The 79 AD eruption of Somma: The relationship between the date of the eruption and the southeast tephra dispersion

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Somma-Vesuvius is a composite volcano on the southern margin of the Campanian Plain which has been active during the last 39 ka BP and which poses a hazard and risk for the main population center situated around its base. The fieldwork and data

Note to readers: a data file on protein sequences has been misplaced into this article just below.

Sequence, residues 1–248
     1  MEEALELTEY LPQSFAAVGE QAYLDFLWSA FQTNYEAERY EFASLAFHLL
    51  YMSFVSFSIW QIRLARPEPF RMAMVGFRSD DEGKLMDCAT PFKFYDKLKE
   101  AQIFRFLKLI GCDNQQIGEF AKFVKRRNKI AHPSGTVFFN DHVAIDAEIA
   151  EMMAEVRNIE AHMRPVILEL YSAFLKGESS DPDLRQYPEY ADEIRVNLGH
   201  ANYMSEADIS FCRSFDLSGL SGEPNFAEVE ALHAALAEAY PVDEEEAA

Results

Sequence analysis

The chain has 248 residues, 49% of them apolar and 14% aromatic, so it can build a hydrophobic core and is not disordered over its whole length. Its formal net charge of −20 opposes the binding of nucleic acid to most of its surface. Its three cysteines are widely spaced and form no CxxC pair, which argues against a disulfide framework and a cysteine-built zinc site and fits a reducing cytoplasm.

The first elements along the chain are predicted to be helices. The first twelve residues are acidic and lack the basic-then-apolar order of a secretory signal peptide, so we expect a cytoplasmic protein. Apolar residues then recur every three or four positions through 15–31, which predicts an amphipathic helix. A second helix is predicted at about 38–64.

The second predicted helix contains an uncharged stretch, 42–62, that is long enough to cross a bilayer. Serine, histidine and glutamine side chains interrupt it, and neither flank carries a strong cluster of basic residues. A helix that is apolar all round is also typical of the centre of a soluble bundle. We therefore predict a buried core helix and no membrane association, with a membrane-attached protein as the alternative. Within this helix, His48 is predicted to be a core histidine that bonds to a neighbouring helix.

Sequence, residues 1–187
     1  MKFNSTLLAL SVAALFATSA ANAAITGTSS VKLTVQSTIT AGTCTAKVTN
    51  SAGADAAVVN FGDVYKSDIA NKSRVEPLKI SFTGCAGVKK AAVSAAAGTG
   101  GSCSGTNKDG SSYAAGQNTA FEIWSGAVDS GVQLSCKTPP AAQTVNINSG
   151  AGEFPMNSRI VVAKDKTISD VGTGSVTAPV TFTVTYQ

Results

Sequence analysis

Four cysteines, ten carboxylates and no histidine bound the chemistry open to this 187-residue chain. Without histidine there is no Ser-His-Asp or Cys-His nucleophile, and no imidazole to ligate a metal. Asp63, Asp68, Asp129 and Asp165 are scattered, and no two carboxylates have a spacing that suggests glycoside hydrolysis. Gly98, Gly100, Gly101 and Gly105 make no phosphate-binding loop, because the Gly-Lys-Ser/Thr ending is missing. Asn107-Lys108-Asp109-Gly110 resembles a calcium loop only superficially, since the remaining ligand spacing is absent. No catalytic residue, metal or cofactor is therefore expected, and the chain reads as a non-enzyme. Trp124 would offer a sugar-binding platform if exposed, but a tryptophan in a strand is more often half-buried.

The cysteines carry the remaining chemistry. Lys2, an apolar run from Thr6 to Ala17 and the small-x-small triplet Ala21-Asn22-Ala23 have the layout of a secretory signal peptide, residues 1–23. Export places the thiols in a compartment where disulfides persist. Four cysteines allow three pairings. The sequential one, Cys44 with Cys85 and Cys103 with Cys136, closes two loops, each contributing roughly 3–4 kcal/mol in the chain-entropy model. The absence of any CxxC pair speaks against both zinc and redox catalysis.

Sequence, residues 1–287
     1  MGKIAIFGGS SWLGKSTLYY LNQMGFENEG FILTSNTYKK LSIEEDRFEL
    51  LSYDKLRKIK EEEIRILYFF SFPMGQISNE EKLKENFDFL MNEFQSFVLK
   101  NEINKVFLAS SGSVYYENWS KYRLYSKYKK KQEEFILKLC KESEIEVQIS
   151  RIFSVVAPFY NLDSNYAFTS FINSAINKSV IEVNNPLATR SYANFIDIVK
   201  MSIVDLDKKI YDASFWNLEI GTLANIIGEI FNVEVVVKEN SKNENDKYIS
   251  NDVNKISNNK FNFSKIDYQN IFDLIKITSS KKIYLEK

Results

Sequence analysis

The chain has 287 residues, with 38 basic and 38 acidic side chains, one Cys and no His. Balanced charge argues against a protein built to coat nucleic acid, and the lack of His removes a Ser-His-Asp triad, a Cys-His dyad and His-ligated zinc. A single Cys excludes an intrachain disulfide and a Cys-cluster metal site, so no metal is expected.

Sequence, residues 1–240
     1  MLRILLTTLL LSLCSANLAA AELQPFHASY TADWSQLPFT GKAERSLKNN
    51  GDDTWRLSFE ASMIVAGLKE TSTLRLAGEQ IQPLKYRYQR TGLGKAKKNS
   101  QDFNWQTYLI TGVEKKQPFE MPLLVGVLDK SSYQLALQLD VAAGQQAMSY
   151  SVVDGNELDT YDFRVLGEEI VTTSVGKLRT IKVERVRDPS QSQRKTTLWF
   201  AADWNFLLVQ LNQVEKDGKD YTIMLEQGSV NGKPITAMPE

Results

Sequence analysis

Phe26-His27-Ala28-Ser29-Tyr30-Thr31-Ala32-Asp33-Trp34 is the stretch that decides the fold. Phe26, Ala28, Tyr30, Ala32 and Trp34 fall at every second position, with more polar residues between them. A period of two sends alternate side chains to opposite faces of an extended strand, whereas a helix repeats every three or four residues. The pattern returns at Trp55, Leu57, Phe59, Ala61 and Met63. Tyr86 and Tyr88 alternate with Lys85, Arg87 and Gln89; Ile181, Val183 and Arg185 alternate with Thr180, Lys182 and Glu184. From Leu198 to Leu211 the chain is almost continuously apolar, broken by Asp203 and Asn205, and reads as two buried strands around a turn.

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  See discussions, stats, and author profiles for this publication at: The 79 AD eruption of Somma: The relationshipbetween the date of the eruption and theSoutheast Tephra dispersion  Article   in  Journal of Volcanology and Geothermal Research · January 2008 DOI: 10.1016/j.jvolgeores.2007.08.020 CITATIONS 14 READS 408 4 authors , including:Giuseppe RolandiUniversity of Naples Federico II 140   PUBLICATIONS   9,660   CITATIONS   SEE PROFILE Angelo PaonePusan National University 13   PUBLICATIONS   277   CITATIONS   SEE PROFILE All content following this page was uploaded by Angelo Paone on 07 June 2014. The user has requested enhancement of the downloaded file. All in-text references underlined in blue are added to the srcinal documentand are linked to publications on ResearchGate, letting you access and read them immediately.    This article was published in an Elsevier journal. The attached copy is furnished to the author for non-commercial research and educational use, including for instruction at the author’s institution, sharing with colleagues and providing to institution administration. Other uses, including reproduction and distribution, or selling or licensing copies, or posting to personal, institutional or third party websites are prohibited. In most cases authors are permitted to post their version of the article (e.g. in Word or Tex form) to their personal website or institutional repository. Authors requiring further information regarding Elsevier’s archiving and manuscript policies are encouraged to visit:  The 79 AD eruption of Somma: The relationship between the date of the eruption and the southeast tephra dispersion G. Rolandi a, ⁎ , A. Paone a  , M. Di Lascio a  , G. Stefani  b a   Dipartimento di Scienze della Terra  ––  Università degli Studi di Napoli  “   Federico II  ”  , Via Mezzocannone 8, 80138 Napoli  ––   Italy  b Sopraintendenza Archeologica di Pompei, Italy Received 1 March 2007; accepted 24 August 2007Available online 18 September 2007 Abstract Somma-Vesuvius is a composite volcano on the southern margin of the Campanian Plain which has been active during the last 39 ka BP and which poses a hazard and risk for the main population center situated around its base. The fieldwork and data analysison which this report is based are related to the eight Plinian eruptions that have occurred in the last 25 ka. For six of these eruptions,the fallout products were dispersed to the east  – northeast, whereas deposits from the 25 ka Codola and AD 79 eruptions weredispersed in a south-easterly direction. During the AD 79 eruption, in particular, the dispersal axis migrated from the east  – southeast to south – southeast. New high level wind data collected at the weather stations of the Aereonautica Militare data centres at Praticadi Mare (Rome) and Brindisi have been compiled to characterize the prevailing wind condition in the Somma-Vesuvius region. Thecommon north-easterly dispersal directions of the Plinian eruptions are consistent with the distribution of ash by high-altitudewinds from October to June. In contrast, the south-easterly trend of the AD 79 products appears to be anomalous, because theeruption is conventionally believed to have occurred on the 24th of August, when its southeast dispersive trend falls in atransitional period from the Summer to Autumnal wind regimes. In fact, the AD 79 tephra dispersive direction towards thesoutheast is not in agreement with the June – August high-altitude wind directions that are toward the west. This poses serious doubt about the date of the eruption and the mismatch raises the hypothesis that the eruption occurred in the Autumnal climatic period,when high-altitude winds were also blowing towards the southeast. New archaeological findings presented in this study definitively place the date of eruption in the Autumn, in good agreement with the prevailing high-altitude wind directions above Somma-Vesuvius.Moreover, wind data and past eruptive behaviour indicate that a future subplinian – Plinian eruption at Somma-Vesuvius has agood chance to occur when winds are blowing toward the eastern sectors (northeast  – southeast), in the Autumnal – Winter period,and only a slightest chance in Summer, when winds are blowing toward the west, depositing ash fallout on the Neapolitancommunity.© 2007 Elsevier B.V. All rights reserved.  Keywords:  AD 79 eruption; stratospheric wind; archaeological data; tephra fall 1. Introduction Somma-Vesuvius is one of the three active volcanicdistricts of the Campanian Plain located near thesouthern border of the Plain. Other active volcanic  Available online at Journal of Volcanology and Geothermal Research 169 (2007) 87 – ⁎  Corresponding author.  E-mail address:  (G. Rolandi).0377-0273/$ - see front matter © 2007 Elsevier B.V. All rights reserved.doi:10.1016/j.jvolgeores.2007.08.020  districts in the area are Campi Flegrei and Ischia Island.In the last decade, new volcanological studies have beencarried out at Somma-Vesuvius volcano increasing theknowledge of past explosive and effusive activity (Arnoet al., 1987; Barberi et al., 1990; Cioni et al., 1992; Lirer  et al., 1993; Mastrolorenzo et al., 1993; Rosi et al., 1993;Rolandi et al., 1993a,b,c; Rolandi et al., 1998; Cioni,2000; Arrighi et al., 2001; Lirer et al., 2001; Cioni et al., 2003a,b; Luongo et al., 2003; Rolandi et al., 2004). Somma-Vesuvius volcano has erupted frequently duringthe last 25,000 years, producing 8 Plinian eruptionswhose effects have been recognized as far as 100 kmfrom the volcano. Starting from the Avellino Plinianeruption (3.55 ka BP; Rolandi et al., 1993b), the activityof Somma-Vesuvius shows a regular trend which can bedefined as a sequence of Plinian events alternating withinterplinian activity characterized by vulcanian – strom- bolian events and some very intense effusive phases(Rolandi et al., 1998). This sequence of activity has occurred many times, and pyroclastic products inter- bedded with paleosoils commonly outcrop in the areasurrounding the volcano. This sequence of activity provides the basis for reconstructing the volcanologicalhistory of Somma-Vesuvius and for assessing thevolcanic hazard associated with future eruptions. Therange of past eruptive behaviour at Somma-Vesuvius, asindicated by the age and distribution of Plinian deposits,constitutes a specific analogue for future explosive behaviour of Somma-Vesuvius. In particular, important factors that affect the distribution of the tephra are thespeed and direction of modern winds at the samealtitudes reached by the Plinian columns in the past. Inorder to establish a correlation with the dispersion of the products from the Plinian eruptions, high level winddata from weather stations of the Aereonautica Militaredata centres at Pratica di Mare (Rome) and Brindisi have been compiled to characterize the prevailing windcondition in the Somma-Vesuvius region. The correla-tion includes the AD 79 eruption, for which the south-easterly dispersal trend has been considered to beanomalous for Somma-Vesuvius (Sigurdsson et al.,1985). This paper uses the distribution of past  pyroclastic fall products and high level wind data todemonstrate that the AD 79 distribution is not anomalous, because the southeast dispersive trend is inagreement with the direction of the October  – June high-altitude winds. This raises the hypothesis that theeruption in fact occurred in an Autumnal climatic period. In support of this hypothesis, we present newdata from two Roman epigraphs that emphasize therecording of the fifteenth imperial acclamation of theemperor Titus on the silver coin found in Pompeii,which strongly supports an Autumnal date for the AD79 eruption. 2. The Somma-Vesuvius volcano history and Pliniantephra dispersal The sequence of eruptive events of Somma-Vesuviusinthelast 25kaBPisknownindetail(Santacroce,1987;Rolandi et al., 1993a,b,c; Rolandi, 1998). About 25,000 years ago a Plinian explosive eruption knownas the  “ Codola eruption ”  deposited an eastern – south-eastern widespread layer above the 39 ka BP CampanianIgnimbrite (Rolandi et al., 2003). Most remarkable arethe next explosive Plinian eruptions which occurred between 18 ka BP and 8 ka BP, regarded as marking a partial destruction of Mt. Somma, the older volcano of the composite volcanic complex. The Avellino eruption(3.55 ka BP) is the first Plinian event characterized by predominantly phreatomagmatic activity (Rolandi et al.,1993b) indicating that excess water vapour pressure inthe feeding system was responsible for an important failure of the western and south-western sectors of Mt.Somma (Rolandi et al., 2004). Between 3.55 ka BP and AD 472 eruptive activity at Mt. Somma was dominated by the two Plinian eruptions of Pompeii (AD 79) (Lirer et al.,1973; Sheridanetal.,1981;Sigurdssonetal.,1985;Gurioli et al., 2002) and AD 472 (Santacroce, 1987;Rolandi et al., 2004), and by the so-called  “ interplinianactivity ”  (Rolandi et al., 1998) a weak explosive – effusive activity identified as: Protohistorical, Ancient historical, Medieval, and Modern historical periods.According to Rolandi et al. (1998), prior to the AD472 eruption there was a single peaked Somma calderastructure, and the Vesuvius cone was constructed duringthe Medieval effusive – weak explosive interplinianactivity, which occurred between AD 472 and AD1139. At this time, Somma-Vesuvius was a compositevolcano consisting of the older Mt. Somma with acaldera-like structure, in which the modern cone of Vesuvius is nested. The last eruption with a Pliniancharacter occurred in 1631 (Rolandi et al., 1993c; Rosiet al., 1993) from Vesuvius; afterwards the modernhistoric interplinian activity occurred until 1944.Fig. 1 represents the orientation and width of Pliniantephra lobes from Mt Somma and Vesuvius cone. Eachlobe consists of air fall tephra 10 cm thick from a singleevent. In Fig. 2, dispersal data are arranged to highlight themaximumpercentageofthesectorscoveredby10cmisopach.SixPlinian eruptions(2 – 18kaBP;3 – 16kaBP;4 – 8 ka BP; 5 – 3.55 ka BP; 7 – AD 472; 8 – AD 1631) areshown tohaveoccurredduring periodsof northeast  – east winds producing thick bands of tephra extending far  88  G. Rolandi et al. / Journal of Volcanology and Geothermal Research 169 (2007) 87   –  98  downwind from the volcano. The 25 ka BP (1) and theAD 79 (6) Plinian events (Fig. 1) show tephra lobes withthe most southerly dispersion from Mt. Somma. The AD79 Plinian event, in particular, produced air fall tephraconsisting of a lower part of white pumice, and an upper  part of grey pumice (Lirer et al., 1973; Sigurdsson et al.,1985). This abrupt change in the fall products has beenattributed to complex changes in the eruption dynamics(Gurioli et al., 2005). During the last six hours of the AD 79 gray pumice eruption, the Plinian column wasinterrupted several times by pumiceous and lithic pyroclastic flows and surges, attributed to the collapseof the eruption column (Sigurdsson et al., 1985). Faciesanalysis and AMS data of these pyroclastic densitycurrents indicate complex transport conditions due toeffects of flow dynamics, local topographic irregulari-ties, and presence of buildings (Gurioli et al., 2002; Nunziante et al., 2003).The south – southeast dispersion of the AD 79 eruptionis conventionally considered to be anomalous (Sigurds-son et al., 1985). To investigate the apparent anomaly, thenext section presentsthe results of a comparative analysisof wind-direction frequencies associated with the disper-siondirectionsfromthepast(Fig.2)andthedirectionandspeed of modern wind records. 3. Average modern wind direction and speed inatmosphere above Somma-Vesuvius The meteorological data collected in the weather stations of Aereonautica Militare data center at Pratica diMare (Rome) and Brindisi, in the period 1986 – 2004, Fig. 1. Distribution map of pyroclastic fall deposits of the Somma-Vesuvius deposited in the last 25 ka BP. Each lobe consists of air fall tephra 10 cmthickfroma singlePlinian eruption. Numbersarearrangedaccordingto thechronologicalsequenceof the eruption(see Fig.2). Fielddataare: (1),(2),(3) Rolandi, unpublished data; (4); (5) Rolandi et al. (1993a,b,c); Rolandi et al., 2004. Chronological data are from: (1) Alessio et al. (1971); (2) Bertagnini et al. (1998); (3) Cioni et al. (2003a,b); (4) Rolandi et al. (1993a); (5) Rolandi et al. (1993b). 89 G. Rolandi et al. / Journal of Volcanology and Geothermal Research 169 (2007) 87   –  98